Junot Diaz Wants Obama to Tell Stories


28 January 2010

I watched/listened to last night’s State of the Union with a flinchy face and tensed muscles.  The recent media/pundit turkey-shoot (the President is the turkey, in case you didn’t already know) has been painful to witness.

Junot Diaz thinks it’s about story-telling (lack thereof on the President’s part). I agree; but I also think that maybe we — voters, citizens, members of this democratic polity — need to grow up a little.  At some point, we need to start telling the stories, helping to get them out there, instead of waiting to be tucked into bed.  After all, the President’s schedule is a little, you know, busier than mine.

From Diaz’s New Yorker piece:

All year I’ve been waiting for Obama to flex his narrative muscles, to tell the story of his presidency, of his Administration, to tell the story of where our country is going and why we should help deliver it there. A coherent, accessible, compelling story—one that is narrow enough to be held in our minds and hearts and that nevertheless is roomy enough for us, the audience, to weave our own predilections, dreams, fears, experiences into its fabric. It should necessarily be a story eight years in duration, a story that no matter what our personal politics are will excite us enough to go out and reëlect the teller just so we can be there for the story’s end. But from where I sit our President has not even told a bad story; he, in my opinion, has told no story at all. I heard him talk healthcare to death but while he was elaborating ideas his opponents were telling stories. Sure they were bad ones, full of distortions and outright lies, but at least they were talking to the American people in the correct idiom: that of narrative. The President gave us a raft of information about why healthcare would be a swell idea; the Republicans gave us death panels. Ideas are wonderful things, but unless they’re couched in a good story they can do nothing.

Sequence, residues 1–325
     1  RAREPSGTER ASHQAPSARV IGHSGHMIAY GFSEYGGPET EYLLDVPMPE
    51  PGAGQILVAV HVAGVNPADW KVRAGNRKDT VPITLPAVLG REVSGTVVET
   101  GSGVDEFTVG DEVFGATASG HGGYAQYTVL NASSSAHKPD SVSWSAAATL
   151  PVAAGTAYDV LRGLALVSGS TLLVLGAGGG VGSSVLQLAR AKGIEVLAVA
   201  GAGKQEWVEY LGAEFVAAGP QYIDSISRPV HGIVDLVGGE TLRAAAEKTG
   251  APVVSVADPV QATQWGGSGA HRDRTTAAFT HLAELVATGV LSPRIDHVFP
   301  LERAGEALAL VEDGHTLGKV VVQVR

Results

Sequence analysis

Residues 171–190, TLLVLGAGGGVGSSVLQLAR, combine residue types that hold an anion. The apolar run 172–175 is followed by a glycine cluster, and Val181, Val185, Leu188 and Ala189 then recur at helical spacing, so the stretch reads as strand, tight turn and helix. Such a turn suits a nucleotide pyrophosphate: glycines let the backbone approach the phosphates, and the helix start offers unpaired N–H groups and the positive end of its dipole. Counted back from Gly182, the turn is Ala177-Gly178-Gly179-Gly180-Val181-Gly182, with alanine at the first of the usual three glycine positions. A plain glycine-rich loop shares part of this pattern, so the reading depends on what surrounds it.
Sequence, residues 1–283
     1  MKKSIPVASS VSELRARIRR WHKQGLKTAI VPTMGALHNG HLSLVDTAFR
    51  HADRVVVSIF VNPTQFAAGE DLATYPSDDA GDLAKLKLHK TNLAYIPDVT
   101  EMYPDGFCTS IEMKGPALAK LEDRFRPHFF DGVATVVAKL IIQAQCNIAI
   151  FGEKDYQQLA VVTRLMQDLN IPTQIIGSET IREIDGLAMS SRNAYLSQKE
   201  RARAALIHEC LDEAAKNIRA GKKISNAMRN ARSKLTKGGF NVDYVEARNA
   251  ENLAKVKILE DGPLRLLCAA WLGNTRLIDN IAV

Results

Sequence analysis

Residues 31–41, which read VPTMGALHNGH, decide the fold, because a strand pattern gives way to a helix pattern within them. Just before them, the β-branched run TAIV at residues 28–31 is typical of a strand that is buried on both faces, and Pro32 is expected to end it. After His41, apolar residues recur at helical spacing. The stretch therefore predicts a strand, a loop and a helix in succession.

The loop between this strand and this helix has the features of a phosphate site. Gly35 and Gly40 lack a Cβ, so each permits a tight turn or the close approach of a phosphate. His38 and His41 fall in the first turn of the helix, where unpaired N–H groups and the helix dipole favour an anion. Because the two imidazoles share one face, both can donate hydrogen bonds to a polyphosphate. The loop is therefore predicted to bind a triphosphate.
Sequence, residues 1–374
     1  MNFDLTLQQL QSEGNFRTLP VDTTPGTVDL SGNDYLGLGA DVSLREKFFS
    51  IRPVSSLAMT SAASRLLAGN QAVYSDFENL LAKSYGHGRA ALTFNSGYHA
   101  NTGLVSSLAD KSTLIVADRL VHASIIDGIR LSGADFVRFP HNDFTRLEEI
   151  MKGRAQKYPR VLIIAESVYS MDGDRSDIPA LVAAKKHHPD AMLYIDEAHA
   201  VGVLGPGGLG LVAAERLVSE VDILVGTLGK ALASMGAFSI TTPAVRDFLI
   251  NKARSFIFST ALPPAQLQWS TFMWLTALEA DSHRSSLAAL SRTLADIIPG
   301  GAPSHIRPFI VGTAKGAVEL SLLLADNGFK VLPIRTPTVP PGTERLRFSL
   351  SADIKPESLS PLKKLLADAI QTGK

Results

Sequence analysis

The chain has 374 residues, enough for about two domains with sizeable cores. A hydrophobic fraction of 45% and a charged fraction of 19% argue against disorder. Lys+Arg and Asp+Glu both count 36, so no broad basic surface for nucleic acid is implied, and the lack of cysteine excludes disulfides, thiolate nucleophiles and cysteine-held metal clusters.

The man has tried, of course; we’ve gotten patches of narrative around all the important issues—the economy, the war in Afghanistan, the war on terror (a.k.a. the Undiebomber)—but I’ve yet to hear anything that excites that part of my brain which loves, which craves the symmetries the pleasures of well-told tale. Just this past Tuesday we saw the consequences for the President of not having a real story to draw upon. In Massachusetts, the President was faced with an insurgent Republican candidate who was telling a story that should have been familiar to the Commander-in-Chief: the story of an upstart outsider with energy and ideas, who was going to shake things up, etc. The President tried to help Martha Coakely by campaigning, but since his Administration doesn’t seem to do story he couldn’t lend her one. He could only show up as himself, and that clearly was not enough. A man cannot withstand a story, even if the man is remarkable and the story is simple. The story always wins.

One Response to “Junot Diaz Wants Obama to Tell Stories”

  1. Jane Says:

    I actually had a somewhat more negative response to Diaz’s piece mainly because Obama told a lot of his story during the campaign. And I wonder if he has consciously moved away from his personal narrative at this point. The story of his Presidency is told over and over from different points of view in media, response to media, in photographs, etc. The man has a lot of work to do! Two wars, failing economy, health care plan falling apart. I understand the need (and Diaz’s desire) for narrative, but I am more persuaded by your point that Obama’s story is not the only one we need to hear. Many voices. Many stories.

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